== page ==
Today, my husband made the call. The final call. The call to our insurance agents to come do a write-off on the fields the tornado ripped through on September 20th.
My mood has nose-dived. Tanked. I have been angry. I have been selfish. I have been completely devastated.
In my 28 (short) years of life, I have never not seen a crop harvested on these fields that have been part of my family’s history for over 100 years.
In our last-ditch attempt to harvest some, my husband watched the yield monitor, texting me telling me it isn’t good. Most of the corn is laying in the soil, unable to be picked up by the combine head. Then one snout broke. Too close to the ground trying to pick up a few more ears…any ears.
Well-meaning advice just made me angrier… “Rent a draper head.” Yeah…not in this situation and the damage to the combine wouldn’t be worth it. “Buy a pick-up reel.” Because we can afford a $25,000 reel to be used on 3 of our 5 fields. “Slow down, you’ll get it.” We’re going 2mph.
We’ll try again. Fix the snout, on to the next field. What might have been bad advice by someone to set the head lower in an effort again to pick up more ears, resulted in another broken snout. There are only so many snouts you can go through cost wise before you say, something has to give.
We’ll try it one more time. Go over with the header even higher. Take just what is still standing, or half-standing after all this rain. Try one last time. Insurance will write off the rest. I’m not even going to think about things like bushels, yield monitors, or pretty green screens.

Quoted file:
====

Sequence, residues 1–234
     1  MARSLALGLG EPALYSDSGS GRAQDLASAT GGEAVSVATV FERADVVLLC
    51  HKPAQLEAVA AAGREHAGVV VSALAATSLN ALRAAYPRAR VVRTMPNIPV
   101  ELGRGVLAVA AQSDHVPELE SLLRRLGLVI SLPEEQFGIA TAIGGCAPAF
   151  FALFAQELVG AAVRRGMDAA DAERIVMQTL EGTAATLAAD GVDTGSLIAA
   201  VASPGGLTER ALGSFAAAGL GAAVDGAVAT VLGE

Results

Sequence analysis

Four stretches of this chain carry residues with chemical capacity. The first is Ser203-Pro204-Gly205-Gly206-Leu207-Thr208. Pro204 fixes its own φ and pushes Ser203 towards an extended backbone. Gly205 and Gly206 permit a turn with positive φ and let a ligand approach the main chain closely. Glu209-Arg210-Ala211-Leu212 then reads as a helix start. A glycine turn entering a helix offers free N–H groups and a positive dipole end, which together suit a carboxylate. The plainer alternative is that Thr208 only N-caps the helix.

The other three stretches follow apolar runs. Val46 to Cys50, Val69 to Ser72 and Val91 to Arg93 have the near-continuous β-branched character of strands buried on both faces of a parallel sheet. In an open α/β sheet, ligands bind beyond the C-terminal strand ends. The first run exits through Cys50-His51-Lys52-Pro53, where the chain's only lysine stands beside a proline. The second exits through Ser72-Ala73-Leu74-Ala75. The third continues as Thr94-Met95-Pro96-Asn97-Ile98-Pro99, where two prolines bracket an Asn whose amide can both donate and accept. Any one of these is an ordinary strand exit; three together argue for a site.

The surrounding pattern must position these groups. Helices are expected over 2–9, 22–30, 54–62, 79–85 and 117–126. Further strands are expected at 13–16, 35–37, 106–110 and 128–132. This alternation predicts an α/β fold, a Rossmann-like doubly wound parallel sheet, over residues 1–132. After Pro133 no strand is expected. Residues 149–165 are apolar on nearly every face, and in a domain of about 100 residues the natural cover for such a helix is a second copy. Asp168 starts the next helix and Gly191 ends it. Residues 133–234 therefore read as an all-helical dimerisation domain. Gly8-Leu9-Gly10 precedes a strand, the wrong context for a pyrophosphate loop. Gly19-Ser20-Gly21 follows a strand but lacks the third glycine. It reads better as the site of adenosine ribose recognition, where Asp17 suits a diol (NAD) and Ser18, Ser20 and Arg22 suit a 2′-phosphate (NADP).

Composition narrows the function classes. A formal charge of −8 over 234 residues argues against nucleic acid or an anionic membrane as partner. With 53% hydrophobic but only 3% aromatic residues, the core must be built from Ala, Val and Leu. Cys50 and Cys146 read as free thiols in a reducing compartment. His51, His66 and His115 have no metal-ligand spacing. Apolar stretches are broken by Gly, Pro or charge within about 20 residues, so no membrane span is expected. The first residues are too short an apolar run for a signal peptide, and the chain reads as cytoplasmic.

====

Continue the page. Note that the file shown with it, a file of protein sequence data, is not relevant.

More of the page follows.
Devastating seems like the right word with all of this. I know, I know we will get an insurance check. This is why we have it. For catastrophic events like this.
But it isn’t the same. We worked so hard all year long…carefully choosing the right herbicides, fertilizers, precision applications. Selecting new varieties that were looking so amazing before the storm. Choosing variable rate seeding based on our different soil types. Installing tile for better drainage to give the crops a yield boost. Harvest is the time we see all that hard work come to fruition.
I’d liken harvesting that first field to a child waking up on Christmas morning. Everyone is eager to get in, to see what the yield is. You take pride in your harvest.
But not this time. This time, I feel like a failure. A crop that was so beautiful and then just like that, gone. We get a set amount, we don’t get to market our crop. We don’t get to put it in a bin. We don’t get to haul it to the ethanol plant. Every task on the farm that was a “job” now seems more like it was a blessing – we were given the ability to do so, now that opportunity is gone.
I have been trying to keep my anger in check. Although I know my husband has bared the brunt of a few of my arguments over all of this. I feel like it is giving up – bowing to the blow Mother Nature decided to deal us. And also this strange feeling of pride of this being land that my family has farmed for so long, that not harvesting it, is somehow dishonoring my family and their legacy. Not being able to have my daughter riding in the combine, combining the same fields her Grandpa did each fall, brings on a new and odd wave of guilt. The emotions with this harvest are running high. I have found too many people think farming is some glamorous lifestyle, and this stuff, the really hard stuff, is something they would never be cut out for. They won’t ever understand it. The struggle of what this life can truly be like is unnoticed by so many. That is okay. I’m not sure I would want them to have to go through this.
Regrouping. Sifting through my frustration, anger, worry and guilt has been a struggle. It still is every single day. I continue to write my grateful 5 each day – searching for the blessings every day instead of dwelling on what I cannot change. We have our house, our family…things could have been so much worse that night.
When your crop is laying on the ground, wiped out by something completely out of your control, taking the next step, moving forward, can be so difficult when all you want to do is cry. Tears come easy, smiles are few and far between, but clinging to hope for next year. Falling and getting back up, scraped knees and all, because you need to. Have to. That is the hard stuff.